Worldwide plug-in vehicle sales in 2016 were 773,600 units, 42 % higher than for 2015. These include all global BEV and PHEV passenger cars sales, light trucks in USA/Canada and light commercial vehicle in Europe.
The total light vehicle market was up by 2 % to 90 million units. Plug-in vehicle sales grew 20 times faster than the overall market, but still captured a world market share of just 0.86 %. By the end of December the number of Plug-ins on the road passed the 2 million mark, 61 % of them are pure EVs and 39 % plug-in hybrids.
December also had the highest ever recorded monthly sales number, with 102 500 units in the 60 markets. Growth rates weakened in Q4, partly because they compare to artificially inflated 2015-Q4 sales. The 2nd reason is weakening growth for China in H2, amid lower purchase subsidies for 2017.
China has increasing its significance as a market and as a manufacturing base for “New Energy Vehicles”, the Chinese term for electrically chargeable vehicles. It stand for 45 % of all plug-in vehicles sold worldwide. In 2015, this figure was 35 %.
Entering the S-curve
Plug-in volumes have more than tripled since 2013 and continuing on last year’s growth rate of 42 % would mean 8 out of 10 cars sold being Plug-ins in 2030. Inconceivable today, not impossible for the future. The global picture shows just 0.85 % market share, but in some markets it is already a multitude of that: Norway had 24 % plug-in share in 2016, Netherlands 5 %, Sweden 3.2 %. The impact on the vehicle population is still hardly noticeable in most countries. The global motor vehicle population of cars and trucks has reached 1.4 billion and just 2 million of them can be plugged in.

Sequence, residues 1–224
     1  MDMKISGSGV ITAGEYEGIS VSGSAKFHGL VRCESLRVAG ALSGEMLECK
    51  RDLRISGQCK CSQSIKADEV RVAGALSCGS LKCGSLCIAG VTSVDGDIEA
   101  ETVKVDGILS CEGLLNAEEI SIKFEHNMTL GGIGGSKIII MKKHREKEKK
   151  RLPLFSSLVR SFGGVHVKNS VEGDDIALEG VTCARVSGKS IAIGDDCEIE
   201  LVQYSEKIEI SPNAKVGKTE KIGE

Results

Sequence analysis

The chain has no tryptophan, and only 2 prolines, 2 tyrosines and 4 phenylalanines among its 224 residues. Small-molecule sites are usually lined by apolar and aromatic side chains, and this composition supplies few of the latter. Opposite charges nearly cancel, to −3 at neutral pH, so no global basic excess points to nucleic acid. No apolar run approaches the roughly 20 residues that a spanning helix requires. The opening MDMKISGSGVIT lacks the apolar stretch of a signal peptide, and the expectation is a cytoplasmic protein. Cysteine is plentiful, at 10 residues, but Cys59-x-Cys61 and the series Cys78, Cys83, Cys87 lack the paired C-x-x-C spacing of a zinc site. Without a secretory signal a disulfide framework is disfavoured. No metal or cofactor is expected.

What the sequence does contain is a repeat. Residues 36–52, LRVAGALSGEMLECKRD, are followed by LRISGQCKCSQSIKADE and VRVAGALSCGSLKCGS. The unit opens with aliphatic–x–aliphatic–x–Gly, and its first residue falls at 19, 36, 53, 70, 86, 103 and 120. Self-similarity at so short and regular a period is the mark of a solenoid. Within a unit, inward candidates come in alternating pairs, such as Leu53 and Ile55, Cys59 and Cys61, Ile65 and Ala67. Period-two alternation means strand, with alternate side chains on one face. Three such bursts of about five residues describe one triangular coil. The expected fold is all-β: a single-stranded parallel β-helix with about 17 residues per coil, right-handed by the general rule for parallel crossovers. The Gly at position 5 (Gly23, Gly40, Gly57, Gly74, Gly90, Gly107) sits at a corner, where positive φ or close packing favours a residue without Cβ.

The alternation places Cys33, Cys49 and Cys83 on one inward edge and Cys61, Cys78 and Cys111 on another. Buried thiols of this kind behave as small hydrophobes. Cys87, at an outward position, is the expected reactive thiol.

Amid still tiny numbers, the whole sector develops at a rapid pace. Locations for charging have increased at least 10-fold, the number of available grid charged models has increased from 70 to 130 since 2013, incentive schemes became more effective. Battery cost have come down by 50 % in the last 3 years. Renewables have reached cost parity in electricity generation. Leading OEM have announced EV portfolios good for 25 % in their sales mix, for the next decade. Let alone Tesla’s giga-investments for the future EV industry.
Sales by Region
China is the growth motor for plug-in sales, +85 % compared to 2015. 351,000 “New Energy Vehicle” were sold in the passenger car category, on top of that nearly 160,000 commercial vehicles (not shown in this chart), mostly all-electric buses. The Chinese government is very serious about reducing GHG emissions, tormenting smog and traffic congestion. Policies are being developed to push NEV adoption to over 10 % share in new vehicle sales by 2020. December sales, usually the highest of the year, were lower than expected, though. The coming month will show if this slump was temporary.
The US has recovered from the weak development during 2015 (-4 %), posting +36 % for 2016 over 2015. The 3rd and 4th quarter were particularly strong with 43 % increase over 2015. Also 2017 opened higher than ever, with around 70 % more sales than in January 2016.
Europe struggled to continue on the 99 % growth rate of 2015. Many markets developed strong, but the incentive changes for PHEV in the Netherlands and EVs in Denmark darken the overall picture. PEV growth in Europe was just 13 % for the year, especially Q4 looked bleak compared to the inflated sales of Q4-2015.
Manufacturer Rankings and Shares